Can the COVID-19 vaccine infect my child?

No. The COVID-19 vaccine functions similarly to other routine immunizations given to children. According to the AAP, it contains molecules with a set of instructions that teach the immune system to make its own protective antibodies capable of fighting the germs that cause the virus.

The vaccines, however, do not contain the virus itself. “There is no way to get COVID-19 from the COVID-19 vaccine,” Dr. Fernando says. If a child (or adult) becomes ill after receiving a vaccine, this does not indicate that they have COVID-19. Instead, they are experiencing normal side effects that can occur when the immune system goes into overdrive to launch a protective response against the virus, according to the CDC.

What are the potential side effects of COVID-19 vaccination for a baby or young child?

Both the Pfizer-BioNTech and Moderna shots have been shown to have mild, short-term side effects similar to those experienced by your infant, toddler, or young child with other immunizations. Fever and soreness at the injection site were the most common symptoms; babies and toddlers under 3 years old may also be sleepy, irritable, or have a loss of appetite, while children 3 to 5 years old may have low energy, a headache, or flu-like symptoms.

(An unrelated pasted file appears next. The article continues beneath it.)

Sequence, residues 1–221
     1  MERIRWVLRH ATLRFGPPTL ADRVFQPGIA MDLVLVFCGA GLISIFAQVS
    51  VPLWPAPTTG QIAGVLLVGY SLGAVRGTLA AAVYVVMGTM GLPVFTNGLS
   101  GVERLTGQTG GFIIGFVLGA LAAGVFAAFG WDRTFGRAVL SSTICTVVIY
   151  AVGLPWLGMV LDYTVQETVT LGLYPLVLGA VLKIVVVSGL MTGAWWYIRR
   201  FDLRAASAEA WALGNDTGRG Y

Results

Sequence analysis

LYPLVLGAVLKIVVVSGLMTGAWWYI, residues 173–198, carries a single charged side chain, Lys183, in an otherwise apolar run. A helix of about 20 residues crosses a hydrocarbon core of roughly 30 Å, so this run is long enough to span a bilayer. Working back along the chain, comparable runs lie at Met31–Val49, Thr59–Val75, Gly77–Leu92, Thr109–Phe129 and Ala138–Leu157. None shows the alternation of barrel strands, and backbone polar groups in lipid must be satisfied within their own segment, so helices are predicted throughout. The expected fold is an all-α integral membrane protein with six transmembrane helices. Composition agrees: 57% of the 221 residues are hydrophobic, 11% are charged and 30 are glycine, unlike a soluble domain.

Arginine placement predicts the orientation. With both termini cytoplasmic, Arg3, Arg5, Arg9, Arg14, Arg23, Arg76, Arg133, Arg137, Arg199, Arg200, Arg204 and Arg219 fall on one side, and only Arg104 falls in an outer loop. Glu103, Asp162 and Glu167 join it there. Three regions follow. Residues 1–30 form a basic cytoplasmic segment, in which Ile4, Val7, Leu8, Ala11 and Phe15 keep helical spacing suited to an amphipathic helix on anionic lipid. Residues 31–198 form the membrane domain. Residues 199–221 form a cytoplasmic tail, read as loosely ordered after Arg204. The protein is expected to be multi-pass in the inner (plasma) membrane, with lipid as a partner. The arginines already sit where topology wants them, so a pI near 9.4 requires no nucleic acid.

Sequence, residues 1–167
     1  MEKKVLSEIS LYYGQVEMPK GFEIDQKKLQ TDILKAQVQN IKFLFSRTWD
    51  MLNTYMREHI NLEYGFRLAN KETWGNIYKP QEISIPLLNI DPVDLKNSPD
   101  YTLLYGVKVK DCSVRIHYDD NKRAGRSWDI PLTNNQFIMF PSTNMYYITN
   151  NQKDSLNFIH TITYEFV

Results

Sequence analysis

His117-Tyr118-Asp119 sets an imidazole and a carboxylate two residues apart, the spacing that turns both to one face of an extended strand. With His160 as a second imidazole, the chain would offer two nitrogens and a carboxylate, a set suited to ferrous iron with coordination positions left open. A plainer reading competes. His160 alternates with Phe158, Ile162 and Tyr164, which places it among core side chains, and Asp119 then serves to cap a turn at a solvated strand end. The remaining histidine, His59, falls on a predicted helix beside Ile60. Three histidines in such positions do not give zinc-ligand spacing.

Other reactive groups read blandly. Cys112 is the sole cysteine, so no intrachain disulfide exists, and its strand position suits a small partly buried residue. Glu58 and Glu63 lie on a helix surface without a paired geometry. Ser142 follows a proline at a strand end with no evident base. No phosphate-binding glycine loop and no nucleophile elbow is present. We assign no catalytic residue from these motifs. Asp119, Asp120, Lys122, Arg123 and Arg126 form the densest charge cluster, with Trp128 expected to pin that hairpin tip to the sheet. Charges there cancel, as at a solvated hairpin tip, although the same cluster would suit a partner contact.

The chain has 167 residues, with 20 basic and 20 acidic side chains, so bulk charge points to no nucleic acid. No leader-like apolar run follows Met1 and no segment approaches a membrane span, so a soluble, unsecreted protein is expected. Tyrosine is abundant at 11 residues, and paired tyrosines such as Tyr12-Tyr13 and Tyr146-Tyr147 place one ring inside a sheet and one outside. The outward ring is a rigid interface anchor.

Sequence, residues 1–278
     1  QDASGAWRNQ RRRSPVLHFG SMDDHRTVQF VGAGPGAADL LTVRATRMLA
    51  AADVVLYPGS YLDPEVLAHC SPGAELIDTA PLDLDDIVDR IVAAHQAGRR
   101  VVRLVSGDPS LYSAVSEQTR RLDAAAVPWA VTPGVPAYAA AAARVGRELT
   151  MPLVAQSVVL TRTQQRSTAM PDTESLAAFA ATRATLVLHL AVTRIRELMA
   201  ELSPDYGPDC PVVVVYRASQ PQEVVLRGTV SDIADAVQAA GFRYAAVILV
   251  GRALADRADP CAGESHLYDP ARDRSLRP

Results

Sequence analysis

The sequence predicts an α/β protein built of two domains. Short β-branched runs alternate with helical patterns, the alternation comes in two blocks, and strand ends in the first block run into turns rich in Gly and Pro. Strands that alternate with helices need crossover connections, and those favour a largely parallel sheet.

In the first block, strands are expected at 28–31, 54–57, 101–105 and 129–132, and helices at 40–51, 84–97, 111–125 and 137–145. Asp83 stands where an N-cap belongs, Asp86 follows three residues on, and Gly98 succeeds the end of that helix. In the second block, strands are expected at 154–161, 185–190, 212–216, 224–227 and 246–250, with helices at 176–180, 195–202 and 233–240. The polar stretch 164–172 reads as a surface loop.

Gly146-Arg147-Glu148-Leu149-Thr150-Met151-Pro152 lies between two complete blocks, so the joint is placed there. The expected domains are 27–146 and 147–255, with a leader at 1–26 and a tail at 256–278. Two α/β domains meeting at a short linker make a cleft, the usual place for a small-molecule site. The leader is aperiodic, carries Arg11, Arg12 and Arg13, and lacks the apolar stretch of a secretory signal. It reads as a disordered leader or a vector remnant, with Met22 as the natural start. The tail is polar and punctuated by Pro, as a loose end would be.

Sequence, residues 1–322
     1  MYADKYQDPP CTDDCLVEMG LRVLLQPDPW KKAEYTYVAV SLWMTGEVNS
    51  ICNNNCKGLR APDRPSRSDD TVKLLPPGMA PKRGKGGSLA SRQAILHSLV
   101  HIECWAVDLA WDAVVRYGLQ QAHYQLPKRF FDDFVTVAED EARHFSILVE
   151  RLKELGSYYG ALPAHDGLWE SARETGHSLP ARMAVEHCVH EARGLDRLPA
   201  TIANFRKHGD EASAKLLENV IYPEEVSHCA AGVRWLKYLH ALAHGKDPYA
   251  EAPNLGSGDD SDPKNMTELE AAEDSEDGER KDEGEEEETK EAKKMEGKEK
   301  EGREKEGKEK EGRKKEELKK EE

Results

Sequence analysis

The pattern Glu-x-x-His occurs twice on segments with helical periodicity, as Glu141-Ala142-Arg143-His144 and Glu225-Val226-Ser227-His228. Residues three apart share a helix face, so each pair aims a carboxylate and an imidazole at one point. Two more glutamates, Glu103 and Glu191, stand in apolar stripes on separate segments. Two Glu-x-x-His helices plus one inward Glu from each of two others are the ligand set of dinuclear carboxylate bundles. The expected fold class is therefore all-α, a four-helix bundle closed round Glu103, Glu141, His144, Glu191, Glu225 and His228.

These side effects can be annoying — cranky babies and toddlers aren’t fun. However, experts agree that COVID-19 protection is worth a day or two of discomfort.

“The problem with COVID is that we don’t know who will get really sick and who won’t,” Dr. Posner says. “I’d rather my child have mild side effects from a vaccine and hopefully get decent protection from severe illness than risk it.”

Are you curious about the effects of the shots on older children? According to the FDA, the most common side effects in adolescents and older children, like adults, are a sore arm, fatigue, headache, chills, fever, and muscle and joint pain, especially after the second dose. Side effects do not appear to be stronger or more common in children, and many have had no side effects at all.

As with other vaccines, a child or adult may develop an allergic reaction to the COVID-19 shot. These reactions are extremely uncommon, but when they do occur, they usually occur shortly after immunisation. As a result, everyone who receives the vaccine must wait 15 to 30 minutes before leaving the facility where they were given the shot. In the event of an allergic reaction,

What about long-term side effects? In general, side effects of other vaccines have been observed to occur within six weeks of immunisation, and the CDC anticipates that the COVID-19 vaccine will follow suit. If parents have any concerns after giving their children the vaccine, they should consult their paediatrician.

Are COVID-19 vaccines safe for infants and young children?